- Participatory Digital Citizen: uses digital technologies and social media to organise actions that benefit society. One of the best examples of this is the Student Volunteer Army that used social media to form, organise and then assist Christchurch in the aftermath of the 2010 earthquake.
- Justice Oriented Digital Citizen: uses digital technologies to critically assess society and seek out ways to effect systemic change. One group that would possibly be reaching this level would be Generation Zero. They have been very active in campaigning for a carbon-zero world and are starting to have influence on Auckland’s local politics scene.
Two great campaigns I have come across from teenagers lately started as a response to bullying. Old fashioned face-to-face bullying, not cyberbullying as such. But they are using the online world in a positive manner to fight bullying and spread their ideas.
The first comes from Kelston Boys High School who had a tragedy last year as a student died in an assault after a rugby training. Defeat the Label was created by a Health class at the school to encourage people to stop being bystanders when bullying and physical threats occur.
The second is an inspiring story of a 13 year old girl who had experienced and seen enough bullying that she decided to write a song. Nakita Turner interviewed hundreds of students from 6 schools and collated their stories into a song. It is an incredible effort and I highly recommend that you check out One Voice.
Wouldn’t it be awesome if more of these type of stories were shared in the media!?
I want to finish by asking people to stop using the “digital natives” tag. It is simply not true and becomes a dangerous crutch to fall back on. Our students come to school with a wide range of digital abilities just like their abilities in any other regard. Many are completely fluent in 1 or 2 social media platforms, maybe have some forum or youtube skills but categorising all students as “digital natives” and expecting them all to be fluent in everything online is ridiculous. It also allows some people to slip into a mindset of “why bother – they know more than me anyway.” For a far more eloquent explanation of this read Steve Wheeler’s excellent post where he talks about digital residents and visitors.
Thanks for this thoughtful blogpost, Steve. I agree that we lack examples of the oft-neglected key side to digital citizenship: positive contribution and participation. I also appreciate the links above as I head into a wee digicit session with my Y8s at the end of the week 😉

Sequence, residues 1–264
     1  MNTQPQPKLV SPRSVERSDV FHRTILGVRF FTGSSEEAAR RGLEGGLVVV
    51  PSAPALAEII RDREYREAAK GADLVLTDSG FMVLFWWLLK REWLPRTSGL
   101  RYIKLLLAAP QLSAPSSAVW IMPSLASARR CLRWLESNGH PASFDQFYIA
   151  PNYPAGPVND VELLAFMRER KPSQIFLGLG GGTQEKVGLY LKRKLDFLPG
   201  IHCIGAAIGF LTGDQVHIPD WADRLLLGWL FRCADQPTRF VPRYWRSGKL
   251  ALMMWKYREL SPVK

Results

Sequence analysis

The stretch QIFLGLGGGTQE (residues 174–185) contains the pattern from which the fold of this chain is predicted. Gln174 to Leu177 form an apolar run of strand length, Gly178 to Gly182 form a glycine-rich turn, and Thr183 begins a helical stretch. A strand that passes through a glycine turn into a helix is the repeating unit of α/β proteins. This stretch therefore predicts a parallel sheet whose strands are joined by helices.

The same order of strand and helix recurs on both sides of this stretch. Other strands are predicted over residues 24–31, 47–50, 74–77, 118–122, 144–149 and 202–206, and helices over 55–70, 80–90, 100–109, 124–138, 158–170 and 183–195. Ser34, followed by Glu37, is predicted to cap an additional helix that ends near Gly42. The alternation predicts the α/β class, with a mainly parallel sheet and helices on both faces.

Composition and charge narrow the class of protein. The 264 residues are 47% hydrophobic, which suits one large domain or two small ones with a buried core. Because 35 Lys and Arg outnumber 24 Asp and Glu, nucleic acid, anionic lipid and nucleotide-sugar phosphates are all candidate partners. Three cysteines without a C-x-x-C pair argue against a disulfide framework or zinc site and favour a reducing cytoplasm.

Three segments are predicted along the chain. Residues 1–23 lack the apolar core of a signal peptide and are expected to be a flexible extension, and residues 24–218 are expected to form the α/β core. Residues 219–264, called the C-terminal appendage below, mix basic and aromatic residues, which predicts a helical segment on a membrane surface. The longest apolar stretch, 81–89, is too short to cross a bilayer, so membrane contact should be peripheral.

Great post. Bookmarking it to share with my NZEI worksite reps as I sent out an email this week asking them to get their staff to think ethically about how they use social media in teaching and personally as a result of those articles that galvanised your thoughts here. I’ll have this website for my next email to them. Thanks.
Thanks, it would be great to see a national discussion begin on this amongst the education sector!
Thanks for this excellent post. This is an area that my school is currently re-visiting, so if you don’t mind I’ll forward it to my principal. You raise some points which I hadn’t considered. Thanks again.
Another insightful piece from you. I particularly liked the last paragraph about ‘digital natives’. I really believe that this is a total misnomer and very much over-hyped by most people. And I think is gives rise to a certain laziness from some (older, non-digital native) people. Here’s a question for you. Do you consider yourself to be a digital native?
I consider myself a Digital Resident in some aspects such as blogging/social media but still a Visitor in others such as coding etc. What about you? Native, Resident, Visitor?
Good question! I haven’t actually thought about it in terms of myself. I’m not sure. I guess technically I’m not a native. Perhaps a ‘resident visitor’? Or maybe a ‘visiting resident’? However, I would question the validity of that particular label (i.e. ‘native’) as most kids are not particularly savvy when it comes to ICT in the way I would expect someone who is a ‘native’ to be. Does that make sense?
Absolutely makes sense and your hacking of the labels is a gteat way to use them. The last thing we need is for people to pigeonhole themselves in a new manner!
Steve as usual, clear, conscise and amazingly well written. Thanks for sharing.